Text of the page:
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Proper toothpick etiquette?

(1) Is it ever OK to use a toothpick at the table?

(2) If it is, what's the proper way to do it?

As to the first question, my understanding is that most Americans find it rude to use the toothpick at the table, but many Asian cultures have no such taboo. True?

As to the second question, some say the way to use a toothpick at the table is to cover up with the free (non toothpick holding) hand. True?

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  1. I would never purport to speak for all Americans, but I think it is inappropriate to use a toothpick in public, especially at a table. We wouldn't floss our teeth at the table, so why would we use a toothpick?

    1 Reply
    1. re: glutton

      i work in the restaurant business and have seen people floss at the table. ack.

    2. And that from a self-proclaimed glutton. I agree.

      1. I remember the day I graduated from college, my parents and my future husband (who my parents loathed) and I went to a Sizzler for lunch. (Hey. We were in Conway, Arkansas. Not a lot to choose from.) We were all tense and silent. Until we looked over and noticed a rather rotund gentleman digging into his teeth with a steak knive. Utterly disgusting, but talk about an icebreaker!

        But I was raised that in company, not only do you not clean your teeth with a steak knive, you don't use a toothpick either. You use dental floss in the privacy of your own home. And if you absolutely HAVE to do something about dental hygiene, you excuse yourself from the table and go to the rest room.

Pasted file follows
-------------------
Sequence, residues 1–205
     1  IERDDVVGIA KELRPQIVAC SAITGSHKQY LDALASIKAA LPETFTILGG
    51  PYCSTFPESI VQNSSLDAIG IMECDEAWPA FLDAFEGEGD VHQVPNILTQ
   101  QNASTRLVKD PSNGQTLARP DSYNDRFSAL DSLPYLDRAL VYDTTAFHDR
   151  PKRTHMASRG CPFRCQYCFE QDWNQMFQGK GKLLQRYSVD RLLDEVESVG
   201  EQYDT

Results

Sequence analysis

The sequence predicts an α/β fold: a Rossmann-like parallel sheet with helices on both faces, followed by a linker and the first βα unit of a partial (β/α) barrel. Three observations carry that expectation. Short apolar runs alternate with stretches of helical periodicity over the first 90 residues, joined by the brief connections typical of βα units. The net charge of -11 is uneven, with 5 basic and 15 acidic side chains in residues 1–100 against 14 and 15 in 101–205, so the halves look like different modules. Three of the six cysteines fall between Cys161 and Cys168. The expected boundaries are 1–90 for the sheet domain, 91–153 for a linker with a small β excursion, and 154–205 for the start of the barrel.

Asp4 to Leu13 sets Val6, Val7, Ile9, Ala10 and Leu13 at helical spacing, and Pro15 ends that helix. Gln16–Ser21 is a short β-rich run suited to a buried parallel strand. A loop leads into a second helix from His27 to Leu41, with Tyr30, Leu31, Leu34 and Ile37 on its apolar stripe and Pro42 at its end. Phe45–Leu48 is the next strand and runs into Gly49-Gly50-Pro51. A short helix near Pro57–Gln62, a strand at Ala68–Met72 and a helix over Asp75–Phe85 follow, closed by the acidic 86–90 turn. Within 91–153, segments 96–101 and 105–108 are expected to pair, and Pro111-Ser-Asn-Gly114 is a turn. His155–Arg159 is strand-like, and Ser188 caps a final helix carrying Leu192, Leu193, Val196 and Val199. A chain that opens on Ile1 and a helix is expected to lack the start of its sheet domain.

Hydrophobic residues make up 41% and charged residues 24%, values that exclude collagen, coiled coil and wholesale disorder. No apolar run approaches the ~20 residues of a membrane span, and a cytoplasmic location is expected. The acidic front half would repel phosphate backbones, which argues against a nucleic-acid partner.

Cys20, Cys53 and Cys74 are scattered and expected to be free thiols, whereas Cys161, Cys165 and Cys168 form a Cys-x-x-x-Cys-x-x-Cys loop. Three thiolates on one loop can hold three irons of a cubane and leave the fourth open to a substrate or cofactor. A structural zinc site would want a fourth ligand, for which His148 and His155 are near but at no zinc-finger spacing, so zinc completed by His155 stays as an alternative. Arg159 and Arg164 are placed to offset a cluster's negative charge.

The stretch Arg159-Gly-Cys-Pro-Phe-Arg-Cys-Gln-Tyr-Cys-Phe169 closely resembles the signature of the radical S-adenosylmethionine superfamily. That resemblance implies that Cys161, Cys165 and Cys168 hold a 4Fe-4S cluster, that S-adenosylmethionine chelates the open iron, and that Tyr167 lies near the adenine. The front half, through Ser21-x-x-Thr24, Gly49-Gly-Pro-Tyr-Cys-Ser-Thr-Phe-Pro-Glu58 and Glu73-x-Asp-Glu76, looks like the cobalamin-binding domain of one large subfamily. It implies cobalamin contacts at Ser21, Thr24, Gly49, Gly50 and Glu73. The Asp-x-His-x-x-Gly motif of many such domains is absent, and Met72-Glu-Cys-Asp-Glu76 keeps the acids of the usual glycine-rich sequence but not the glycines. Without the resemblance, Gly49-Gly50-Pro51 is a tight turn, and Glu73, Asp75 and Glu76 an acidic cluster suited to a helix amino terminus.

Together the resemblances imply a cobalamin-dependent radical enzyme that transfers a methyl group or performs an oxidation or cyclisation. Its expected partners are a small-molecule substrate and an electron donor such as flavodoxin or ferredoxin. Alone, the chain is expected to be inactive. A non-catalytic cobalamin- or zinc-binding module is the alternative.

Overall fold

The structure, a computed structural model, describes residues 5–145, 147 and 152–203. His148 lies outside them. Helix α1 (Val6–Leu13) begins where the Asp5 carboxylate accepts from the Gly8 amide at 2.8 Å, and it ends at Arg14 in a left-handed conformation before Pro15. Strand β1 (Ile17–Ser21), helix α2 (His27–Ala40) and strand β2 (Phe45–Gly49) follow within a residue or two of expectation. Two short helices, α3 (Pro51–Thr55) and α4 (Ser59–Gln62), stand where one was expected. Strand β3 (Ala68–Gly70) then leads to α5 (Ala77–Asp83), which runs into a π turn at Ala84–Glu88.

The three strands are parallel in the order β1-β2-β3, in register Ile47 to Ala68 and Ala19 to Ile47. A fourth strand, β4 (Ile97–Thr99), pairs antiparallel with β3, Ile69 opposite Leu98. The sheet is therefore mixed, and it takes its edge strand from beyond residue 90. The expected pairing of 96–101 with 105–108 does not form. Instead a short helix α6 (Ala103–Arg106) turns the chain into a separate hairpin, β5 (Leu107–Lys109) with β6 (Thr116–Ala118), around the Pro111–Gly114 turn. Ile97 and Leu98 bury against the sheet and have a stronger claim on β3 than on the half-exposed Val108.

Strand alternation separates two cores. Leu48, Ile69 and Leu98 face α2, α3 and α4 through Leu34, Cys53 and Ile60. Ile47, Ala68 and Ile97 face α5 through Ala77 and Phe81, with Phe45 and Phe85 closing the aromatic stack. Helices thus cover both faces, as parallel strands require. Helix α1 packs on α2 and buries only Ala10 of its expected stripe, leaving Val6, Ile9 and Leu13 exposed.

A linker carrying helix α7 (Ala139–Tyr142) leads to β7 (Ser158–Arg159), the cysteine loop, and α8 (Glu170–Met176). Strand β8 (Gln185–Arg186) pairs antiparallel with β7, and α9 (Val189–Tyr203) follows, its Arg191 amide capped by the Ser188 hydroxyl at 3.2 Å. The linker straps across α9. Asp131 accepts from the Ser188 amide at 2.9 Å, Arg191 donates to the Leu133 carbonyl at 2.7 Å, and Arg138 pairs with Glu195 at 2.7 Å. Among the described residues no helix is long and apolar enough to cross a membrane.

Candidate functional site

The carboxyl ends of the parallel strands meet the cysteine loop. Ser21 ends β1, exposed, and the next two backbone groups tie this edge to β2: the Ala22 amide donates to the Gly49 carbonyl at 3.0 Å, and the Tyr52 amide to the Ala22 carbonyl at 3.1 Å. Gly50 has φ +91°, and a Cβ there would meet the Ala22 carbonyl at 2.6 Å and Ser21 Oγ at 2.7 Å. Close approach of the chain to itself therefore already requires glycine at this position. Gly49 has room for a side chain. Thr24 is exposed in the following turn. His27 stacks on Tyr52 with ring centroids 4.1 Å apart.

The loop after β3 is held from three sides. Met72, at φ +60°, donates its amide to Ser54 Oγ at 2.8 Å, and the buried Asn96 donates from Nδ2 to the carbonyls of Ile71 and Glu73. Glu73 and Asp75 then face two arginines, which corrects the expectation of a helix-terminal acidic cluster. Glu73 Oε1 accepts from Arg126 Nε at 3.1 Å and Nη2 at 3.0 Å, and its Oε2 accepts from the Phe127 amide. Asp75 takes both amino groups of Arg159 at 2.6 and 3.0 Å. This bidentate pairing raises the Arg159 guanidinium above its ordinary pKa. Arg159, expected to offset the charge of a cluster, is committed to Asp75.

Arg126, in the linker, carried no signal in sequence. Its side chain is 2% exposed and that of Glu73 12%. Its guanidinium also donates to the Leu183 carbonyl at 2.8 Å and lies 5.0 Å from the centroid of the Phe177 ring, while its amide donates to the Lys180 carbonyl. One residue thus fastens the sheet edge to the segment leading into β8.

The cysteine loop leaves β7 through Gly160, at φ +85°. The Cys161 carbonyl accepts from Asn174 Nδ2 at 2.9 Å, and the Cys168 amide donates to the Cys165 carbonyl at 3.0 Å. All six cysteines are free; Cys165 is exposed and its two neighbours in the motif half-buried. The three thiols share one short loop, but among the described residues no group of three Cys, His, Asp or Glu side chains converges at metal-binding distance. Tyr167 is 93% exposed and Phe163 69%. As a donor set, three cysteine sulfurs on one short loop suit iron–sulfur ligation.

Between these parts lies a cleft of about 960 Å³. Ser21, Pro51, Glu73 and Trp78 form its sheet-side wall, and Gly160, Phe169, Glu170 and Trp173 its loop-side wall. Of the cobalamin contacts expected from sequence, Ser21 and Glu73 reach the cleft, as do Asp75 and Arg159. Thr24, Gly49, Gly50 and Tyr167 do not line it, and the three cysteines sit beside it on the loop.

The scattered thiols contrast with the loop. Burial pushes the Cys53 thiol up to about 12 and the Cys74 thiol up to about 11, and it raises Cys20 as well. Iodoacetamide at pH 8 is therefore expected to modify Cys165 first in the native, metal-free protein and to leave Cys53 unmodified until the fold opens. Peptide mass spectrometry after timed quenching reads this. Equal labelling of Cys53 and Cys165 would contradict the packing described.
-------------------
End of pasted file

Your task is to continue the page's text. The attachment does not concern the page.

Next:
There is probably a reason that toothpicks are not offered in nicer restaurants. At least not any I've been in.

        1. Good question.

          There are a number of old movies in which a major tough character has a toothpick that he's menacingly twirling in his mouth. That's a long time ago.

          Now, as you pointed out, the only restaurants at which I've been provided a toothpick have been Japanese. Ant they're nicely carved, and served in a nice round toothpick holder. This goes right up the classiness spectrum to Urasawa, where the toothpicks were carved and served in a smaller container than the toothpick holders at other restaurants I've been to. So it would seem they condone toothpicking.

          I have also received toothpicks in some chain barbecue restaurants. Less frenquently than I used to.

          I seem to remember I received them more often a long time ago. I remember always getting them at steak restaurants. Now I don't see them much.

          Great observation and comment. I don't know the answer and I'm looking forward to others' comments.

          2 Replies
          1. re: lil mikey

            I find public dental care & noseblowing to be disgusting. So does my girlfriend who is somewhat traditionally Japanese.

            1. re: Leonardo

              The "snot-rocket" is what I find offensive. Too cheap to buy tissues or a handkerchief? Apparently, this projectile release is very common in some cultures. I find it disgusting.

          2. My older Chinese relatives do it all the time. Finish dessert, pass around the toothpicks and pick away while you wait for the bill. I usually decline. They probably think I'm the dirty one.

            In the US, I feel like at the very least using a toothpick is something you do as you are out the door at a restaurant. That's why they're by the cashier with the bowl of mints, right?

            But now that you mention it, I see toothpicks less and less in restaurants now. Better to do it in private.